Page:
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  Return to CHC Home Page                                                                                  Atherosclerotic Oxidative Stress

A Maladaptive Immune System Response to Perceived Intimal Infection

James C. Roberts MD FACC FAARFM

Oxidative Stress occurs when superoxide generation exceeds the ability of our innate enzymatic and diet-derived antioxidant defenses to neutralize this reactive oxygen species (ROS) and its physiologic second messenger H202, allowing the generation of longer-lived and vasculopathic ROS and RNS (reactive nitrogen species). Oxidative stress is the driving force of atherosclerosis, a pathophysiology that we can understand and contain.

This section covers the causes and consequences of intimal oxidative stress, as well as strategies to prevent and counter its adverse effects (particularly the Th1/Th17 led acquired immune system attack against oxidized LDL and other altered intimal proteins). Letís start with a step by step review of atherosclerosis, with particular focus on steps mediated by oxidative and (secondary) inflammatory stress and immune dysregulation.

Focal Endothelial Activation and Lipid Infiltration

Atherosclerosis begins when apo-B 100 containing lipoproteins (LDL, Lp(a), and remnants) infiltrate the artery wall at sites of endothelial activation. This focal perturbation in endothelial barrier function occurs beyond branch points, where low laminar flow combined with high oscillatory shear leads to reduced eNOS (generates nitric oxide) and Nrf-2 (antioxidant enzyme transcription) expression, combined with up regulated NADPH Oxidase, Xanthine Oxidase, and Ang II activity. An intimal local environment is thus created where reactive oxygen and nitrogen derived species (ROS and RNS) are not counterbalanced by nitric oxide and intrinsic enzymatic antioxidant defenses. As flotsam and jetsam accumulate beyond a bend in the river, so will atherosclerosis initiate beyond arterial branch points.

Lipid particles traverse the endothelial cell monolayer via diffusion. The greater the number of lipid particles, and the smaller their particle size, the greater will be the level of passive lipid translocation. Systemic hypertension favors this process, as will other factors, including toxins, that promote systemic endothelial activation (adaptive in our response to true infection but when maladaptively present in atherosclerosis we term this phenomenon endothelial dysfunction).

This initial lipid intimal translocation is not by itself immuno-pathologic, as apo-B 100 is composed of amino acid sequences to which the innate and acquired immune system is not intolerant. LDL itself is food. It is a transport vehicle for the biosynthetic raw material cholesterol. Every cell of the intima expresses the molecular LDL receptor, at a level commensurate with its perceived need for free cholesterol. If the cell perceives a need for free cholesterol, the receptor will be expressed. If not, the LDL receptor is not expressed. LDL will not be taken up (your stomach is full so you put down your knife and fork).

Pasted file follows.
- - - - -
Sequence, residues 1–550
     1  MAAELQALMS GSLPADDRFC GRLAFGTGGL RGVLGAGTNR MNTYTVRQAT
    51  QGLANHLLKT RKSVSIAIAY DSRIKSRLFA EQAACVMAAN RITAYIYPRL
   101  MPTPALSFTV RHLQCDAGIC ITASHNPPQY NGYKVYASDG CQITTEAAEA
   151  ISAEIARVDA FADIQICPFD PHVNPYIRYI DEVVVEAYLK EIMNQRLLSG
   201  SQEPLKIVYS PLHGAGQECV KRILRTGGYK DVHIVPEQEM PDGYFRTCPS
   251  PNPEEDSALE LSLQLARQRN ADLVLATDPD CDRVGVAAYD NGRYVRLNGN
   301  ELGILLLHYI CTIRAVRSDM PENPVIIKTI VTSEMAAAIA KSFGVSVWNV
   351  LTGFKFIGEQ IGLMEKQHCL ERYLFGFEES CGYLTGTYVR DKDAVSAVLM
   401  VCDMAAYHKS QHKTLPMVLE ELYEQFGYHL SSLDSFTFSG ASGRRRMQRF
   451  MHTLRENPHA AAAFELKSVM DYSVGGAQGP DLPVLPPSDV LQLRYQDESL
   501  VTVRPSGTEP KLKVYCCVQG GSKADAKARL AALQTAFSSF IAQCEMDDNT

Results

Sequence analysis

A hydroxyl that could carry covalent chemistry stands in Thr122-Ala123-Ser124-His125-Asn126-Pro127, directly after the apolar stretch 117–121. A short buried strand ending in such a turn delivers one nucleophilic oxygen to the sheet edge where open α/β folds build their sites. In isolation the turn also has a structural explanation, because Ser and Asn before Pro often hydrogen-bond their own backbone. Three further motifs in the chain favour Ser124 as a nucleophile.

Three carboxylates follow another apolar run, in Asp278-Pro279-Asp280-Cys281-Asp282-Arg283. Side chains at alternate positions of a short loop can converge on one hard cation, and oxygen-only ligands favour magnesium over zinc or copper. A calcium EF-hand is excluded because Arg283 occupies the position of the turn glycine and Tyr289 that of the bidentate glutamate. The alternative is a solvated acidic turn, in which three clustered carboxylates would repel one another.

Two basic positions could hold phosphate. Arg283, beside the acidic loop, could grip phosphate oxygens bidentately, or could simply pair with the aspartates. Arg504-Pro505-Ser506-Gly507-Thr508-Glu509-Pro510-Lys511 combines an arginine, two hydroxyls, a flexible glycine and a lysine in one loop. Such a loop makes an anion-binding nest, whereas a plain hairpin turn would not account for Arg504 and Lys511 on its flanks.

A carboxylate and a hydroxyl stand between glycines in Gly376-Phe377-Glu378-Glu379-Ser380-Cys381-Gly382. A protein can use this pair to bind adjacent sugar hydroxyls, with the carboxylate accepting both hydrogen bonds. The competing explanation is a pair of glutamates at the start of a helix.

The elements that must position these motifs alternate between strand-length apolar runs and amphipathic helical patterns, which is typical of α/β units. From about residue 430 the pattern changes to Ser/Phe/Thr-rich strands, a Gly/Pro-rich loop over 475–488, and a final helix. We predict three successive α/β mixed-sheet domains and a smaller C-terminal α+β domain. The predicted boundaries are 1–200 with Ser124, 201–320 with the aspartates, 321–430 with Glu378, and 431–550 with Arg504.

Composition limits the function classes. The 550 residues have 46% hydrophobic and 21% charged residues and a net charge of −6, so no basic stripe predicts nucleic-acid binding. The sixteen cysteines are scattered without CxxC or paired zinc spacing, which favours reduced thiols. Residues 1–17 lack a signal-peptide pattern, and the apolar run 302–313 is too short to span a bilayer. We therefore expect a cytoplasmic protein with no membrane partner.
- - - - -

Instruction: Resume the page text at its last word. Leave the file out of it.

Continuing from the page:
Once oxidized, LDL cannot be taken up via the molecular LDL receptor; it is no longer biochemically useful. Thus, LDL carries with it antioxidant protection (lipid soluble antioxidants such as tocopherol, beta-carotene, and Co-Enzyme Q10, which can be "recharged" by water soluble Vitamin C). This defense is typically sufficient to protect LDL within the relatively reductive plasma environment. The extracellular intimal compartment, however, is more pro-oxidative (a thousand times more so than plasma). Standard LDL antioxidant defense levels may not provide sufficient protection. This should not be an issue, as "unneeded" LDL particles, those not ligated by an open LDL receptor, will freely diffuse back in to the circulation, and find an open LDL receptor elsewhere. In the absence of infection/inflammation, LDL will be internalized by cells only when and if it is needed for biosynthetic activity (steroid hormones, bile salts, Vitamin D synthesis, etc.).

Physiologic intimal LDL give and take, a demand and supply phenomena, has worked well for Man over our four-million-year history. Mother Nature promotes hyperlipidemia and focal infiltration of lipids beyond homeostatic synthetic need only when these processes are needed to defend against Manís natural predator, which is infection. Primitive Man experienced oxidative and inflammatory stress only in relation to infection. Modern Man experiences a pseudo-infectious pathophysiology in a progressive, age-related fashion, in relation to our ROS-generating diet, life style, expanding waist line, and cumulative toxin burden Ė thus lipid metabolism is deranged!

To fight infection, we need more cholesterol (leukocyte cell membrane synthesis), we need ROS and RNS "bullets" (fired by wbcs to kill the invaders), and we need an activated endothelium (expressing adhesion molecules and elaborating chemotactic signals to pull immune cells in to the breach). HMG Co-A Reductase, the rate-limiting enzyme in cholesterol biosynthesis, thus up regulates, generating copious quantities of needed cholesterol, along with isoprenoid signaling molecules, which upregulate NADPH Oxidase, our most powerful superoxide generator, and down regulate eNOS, activating the endothelium. Oxidative stress means that "we are at war"!

Oxidative and inflammatory byproducts of Western living, false flags for chronic infection, thus lead to an age-related increase in circulating cholesterol, a progressively activated and thus leaky endothelium, and a biochemical milieu characterized by oxidative stress and dysregulated (Th1/Th17 rich and Treg poor) immune activation.